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DrMaxit
08-25-2012, 02:00
So I've been finding myself and friends hiking a lot more recently. We've been going in pretty deep and far at times and I started to wonder "what would I do if something happened?"

I was a SABC (Self Aid Buddy Care) instructor for the AF when I was active, and just became one now that I'm in the Guard. That said, I was thinking about modeling my first aid kit after the AF (and other branches are similar) IFAK kits.

So far this is what I have for the list. These items will have to be able to fit into a "Camel bak" type backpack with two pockets. Please feel free to add input.

2 Israeli Bandages
2 Triangle bandages
1 C.A.T (Combat Action Tourniquets)
2 SAM Splint
2 Pair Rubber Gloves
1 Lip Balm
1 Neosporen
1 Medical Tape
1 Self Adherent Wrap/tape
1 Quick Clot Guaze
1 Nasopharyngeal Airway
1 Leatherman

And various small items to include, but not limited to gauzes, band-aids, safety pins, non stick bandages, alcohol prep pads, ect.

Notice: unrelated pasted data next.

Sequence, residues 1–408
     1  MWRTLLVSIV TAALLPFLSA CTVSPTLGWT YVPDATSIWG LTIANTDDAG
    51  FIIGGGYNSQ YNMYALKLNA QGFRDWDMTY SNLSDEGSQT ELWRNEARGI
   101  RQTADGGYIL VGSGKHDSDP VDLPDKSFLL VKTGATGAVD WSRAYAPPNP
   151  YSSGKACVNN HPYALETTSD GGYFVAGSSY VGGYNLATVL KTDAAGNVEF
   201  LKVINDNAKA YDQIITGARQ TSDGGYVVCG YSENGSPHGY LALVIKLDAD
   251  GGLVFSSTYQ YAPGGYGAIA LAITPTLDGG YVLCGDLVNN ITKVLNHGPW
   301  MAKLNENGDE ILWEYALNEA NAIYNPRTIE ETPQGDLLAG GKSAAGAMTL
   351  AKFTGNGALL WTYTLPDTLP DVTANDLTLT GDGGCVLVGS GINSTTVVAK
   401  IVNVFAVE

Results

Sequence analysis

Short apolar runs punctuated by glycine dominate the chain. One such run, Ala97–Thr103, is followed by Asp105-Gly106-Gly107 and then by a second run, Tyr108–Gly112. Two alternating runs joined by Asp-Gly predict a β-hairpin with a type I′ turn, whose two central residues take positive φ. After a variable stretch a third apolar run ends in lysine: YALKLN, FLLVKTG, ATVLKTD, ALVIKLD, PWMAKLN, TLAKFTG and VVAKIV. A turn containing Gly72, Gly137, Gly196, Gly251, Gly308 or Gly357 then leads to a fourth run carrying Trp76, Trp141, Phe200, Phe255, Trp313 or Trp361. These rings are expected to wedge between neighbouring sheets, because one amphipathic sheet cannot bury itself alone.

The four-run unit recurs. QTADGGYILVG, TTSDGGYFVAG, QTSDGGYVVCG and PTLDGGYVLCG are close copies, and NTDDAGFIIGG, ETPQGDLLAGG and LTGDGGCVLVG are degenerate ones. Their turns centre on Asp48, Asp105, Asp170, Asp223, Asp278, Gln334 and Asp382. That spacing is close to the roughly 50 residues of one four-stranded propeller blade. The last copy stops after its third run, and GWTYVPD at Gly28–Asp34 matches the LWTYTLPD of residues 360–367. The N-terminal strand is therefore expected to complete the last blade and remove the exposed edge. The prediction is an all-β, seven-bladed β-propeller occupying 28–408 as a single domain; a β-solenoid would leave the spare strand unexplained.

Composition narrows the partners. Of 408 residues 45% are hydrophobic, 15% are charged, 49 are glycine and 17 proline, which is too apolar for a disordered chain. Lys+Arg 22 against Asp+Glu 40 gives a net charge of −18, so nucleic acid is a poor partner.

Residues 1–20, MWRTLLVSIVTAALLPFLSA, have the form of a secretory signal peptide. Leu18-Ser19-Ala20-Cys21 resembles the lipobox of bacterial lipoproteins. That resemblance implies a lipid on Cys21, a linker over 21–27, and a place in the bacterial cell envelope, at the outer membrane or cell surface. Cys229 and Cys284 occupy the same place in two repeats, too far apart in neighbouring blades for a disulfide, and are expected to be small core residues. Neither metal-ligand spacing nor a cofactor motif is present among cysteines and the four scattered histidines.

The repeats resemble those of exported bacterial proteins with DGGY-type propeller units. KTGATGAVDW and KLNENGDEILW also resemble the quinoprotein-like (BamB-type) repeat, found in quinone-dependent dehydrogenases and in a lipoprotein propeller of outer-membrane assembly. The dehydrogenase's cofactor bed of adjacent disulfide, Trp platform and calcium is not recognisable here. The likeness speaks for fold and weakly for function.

I also thought about throwing in some water purification tablets, compass, fire starter.

Please provide suggestions and comments.

Thanks! :wavey:

Big Bird
08-25-2012, 06:03
Ditch the airway unless you have training on how to use it.

You have a lot of stuff for major trauma but almost nothing for more routine health issues.

I'd add a small plastic ziploc bag with the following drugs:

2 Zyrtec
10 Ibuprofen
10 Asperin
2 Immodium


I'd also add some small bandaid bandages in various shapes.

Add some burn gel packets

Tweezers and a single edge razor

You need some surgical sponges

You should have some small ace bandages

mac66
08-25-2012, 07:46
My experience as a former scout master, hunter, outdoorsman, bicyclist, ATVer, tells me that lacerations, contusions, sprains, separations and fractures are most common. Field dressings/lots and lots of gauze pads, gauze wrap/bandages is the most important thing. A triangle bandage to make a sling, elastic bandage to immobilize an extremity and provide pressure.

Deputydave
08-25-2012, 07:47
I also thought about throwing in some water purification tablets, compass, fire starter.

Please provide suggestions and comments.


Okay, let's take a look.

Instead of the water purification tabs, just get a small bottle of tincture iodine. Serves the same purpose of disinfecting water and also cleans small wounds i.e. it is dual purpose. Additionally, something like a SAYWER bottle that filters up to a million gallons yet is the same size as most water bottles would fit into hiking/camping plans perfect.